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    $\begingroup$ @Lance sorry, didn't get that it was what your question is asking. If your library defines a given Show[String] and uses it internally - that is, doesn't expose it as an (optional) using parameter - I don't think there's a way to change that $\endgroup$
    – RubenVerg
    Jul 8, 2023 at 14:45
  • $\begingroup$ @Lance If external library X has a function with signature def foo[A: Show](argument: A), that's syntax sugar for def foo[A](argument: A)(using showInstance: Show[A]). And when that function calls show, it's really calling some method on that context object showInstance. That means that your calling library Y can invoke the function like foo(whatever) to get the "default" Show instance but can also invoke it as foo(whatever)(using customShowImpl) to force a custom one. $\endgroup$ Jul 8, 2023 at 16:02
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Your traits calls library code

By multiple times, I mean a library might define some errors and renderings for them. Then another library might override that. Then an application might override that, so 3 layers of definitions, the last one which will take precedence (and all internal/external error messages will use that final formatter).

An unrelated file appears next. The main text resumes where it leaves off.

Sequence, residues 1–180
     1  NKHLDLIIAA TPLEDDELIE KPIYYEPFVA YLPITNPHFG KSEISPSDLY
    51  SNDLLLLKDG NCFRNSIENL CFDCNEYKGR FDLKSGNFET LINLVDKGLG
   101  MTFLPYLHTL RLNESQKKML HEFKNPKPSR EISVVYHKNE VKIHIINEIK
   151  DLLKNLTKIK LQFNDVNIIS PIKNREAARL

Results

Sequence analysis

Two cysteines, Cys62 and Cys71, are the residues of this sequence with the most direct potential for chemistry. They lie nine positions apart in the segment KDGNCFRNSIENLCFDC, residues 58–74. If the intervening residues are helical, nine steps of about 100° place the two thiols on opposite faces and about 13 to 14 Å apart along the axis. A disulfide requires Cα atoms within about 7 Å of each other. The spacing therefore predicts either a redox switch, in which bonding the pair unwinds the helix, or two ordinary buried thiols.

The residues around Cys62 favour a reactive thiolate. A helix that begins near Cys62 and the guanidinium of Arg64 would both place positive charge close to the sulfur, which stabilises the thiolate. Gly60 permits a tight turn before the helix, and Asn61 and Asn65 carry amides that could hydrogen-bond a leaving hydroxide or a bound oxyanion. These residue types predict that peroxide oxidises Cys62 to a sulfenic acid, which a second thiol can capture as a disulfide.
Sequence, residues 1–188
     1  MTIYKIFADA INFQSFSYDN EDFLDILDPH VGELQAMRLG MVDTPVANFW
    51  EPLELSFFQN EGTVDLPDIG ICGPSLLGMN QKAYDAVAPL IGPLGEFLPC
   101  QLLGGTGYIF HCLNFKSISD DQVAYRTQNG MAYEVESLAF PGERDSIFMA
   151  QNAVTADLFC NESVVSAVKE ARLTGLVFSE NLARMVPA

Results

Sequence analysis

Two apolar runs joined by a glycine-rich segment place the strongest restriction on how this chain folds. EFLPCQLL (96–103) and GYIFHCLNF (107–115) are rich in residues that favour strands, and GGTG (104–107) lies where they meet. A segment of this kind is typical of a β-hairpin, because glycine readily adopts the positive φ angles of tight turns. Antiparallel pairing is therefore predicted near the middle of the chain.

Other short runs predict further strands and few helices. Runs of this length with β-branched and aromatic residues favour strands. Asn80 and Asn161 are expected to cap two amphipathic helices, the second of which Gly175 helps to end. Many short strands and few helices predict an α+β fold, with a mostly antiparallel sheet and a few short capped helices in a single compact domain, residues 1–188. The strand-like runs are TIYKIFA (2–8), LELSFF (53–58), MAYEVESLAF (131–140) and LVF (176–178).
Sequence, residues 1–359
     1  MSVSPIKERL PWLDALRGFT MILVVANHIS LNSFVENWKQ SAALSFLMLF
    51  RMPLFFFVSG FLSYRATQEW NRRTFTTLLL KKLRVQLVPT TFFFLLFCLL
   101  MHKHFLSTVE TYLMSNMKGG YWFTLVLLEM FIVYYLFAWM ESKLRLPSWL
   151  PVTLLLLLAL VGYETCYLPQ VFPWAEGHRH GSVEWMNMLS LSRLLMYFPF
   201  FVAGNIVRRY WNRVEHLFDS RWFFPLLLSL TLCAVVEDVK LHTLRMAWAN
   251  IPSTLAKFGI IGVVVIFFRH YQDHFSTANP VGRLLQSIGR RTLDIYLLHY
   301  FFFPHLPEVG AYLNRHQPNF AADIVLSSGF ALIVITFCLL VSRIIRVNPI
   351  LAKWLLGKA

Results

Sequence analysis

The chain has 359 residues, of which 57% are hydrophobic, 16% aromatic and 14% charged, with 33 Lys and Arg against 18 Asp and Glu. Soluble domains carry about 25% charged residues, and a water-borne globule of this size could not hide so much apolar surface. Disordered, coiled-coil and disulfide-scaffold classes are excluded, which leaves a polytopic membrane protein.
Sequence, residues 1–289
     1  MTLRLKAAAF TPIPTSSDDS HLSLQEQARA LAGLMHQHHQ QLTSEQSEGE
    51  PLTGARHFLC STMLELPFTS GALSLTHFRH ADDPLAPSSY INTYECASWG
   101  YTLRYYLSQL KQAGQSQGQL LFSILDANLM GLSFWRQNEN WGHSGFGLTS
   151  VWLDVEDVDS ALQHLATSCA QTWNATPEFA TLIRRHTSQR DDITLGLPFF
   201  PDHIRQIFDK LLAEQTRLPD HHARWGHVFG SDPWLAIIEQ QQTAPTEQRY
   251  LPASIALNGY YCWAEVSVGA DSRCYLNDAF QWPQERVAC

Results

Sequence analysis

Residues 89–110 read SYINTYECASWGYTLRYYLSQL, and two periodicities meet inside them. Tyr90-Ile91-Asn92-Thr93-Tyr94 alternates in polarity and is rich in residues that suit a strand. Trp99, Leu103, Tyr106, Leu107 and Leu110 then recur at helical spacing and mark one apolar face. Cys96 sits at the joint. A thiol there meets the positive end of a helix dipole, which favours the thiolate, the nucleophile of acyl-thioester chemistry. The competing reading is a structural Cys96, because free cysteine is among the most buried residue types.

In existing languages, this level of configuration is possible if the default implementation is published in a public vtable, and default trait implementations calls into these vtables, that in turn are initially filled with the default implementation. Any library or user code can, then, change that. It's only a form of dependency pointer injection, as noted.

impl in Rust, is more in direction of dependency code injection, in comptime no less. After the code is compiled, there is only functionality, no extension points.

Aspect-oriented programming

So if you want both, your language will need some form of virtual trait that accepts a default implementation, so that any library or user code can modify latter. If these 3 layers of (re)definitions are to occur at comptime, then your language will need some syntax to declare some aspect syntax rewriting rules.

You will note, in above Wikipedia link, that logging is a prime case in aspect-oriented programming.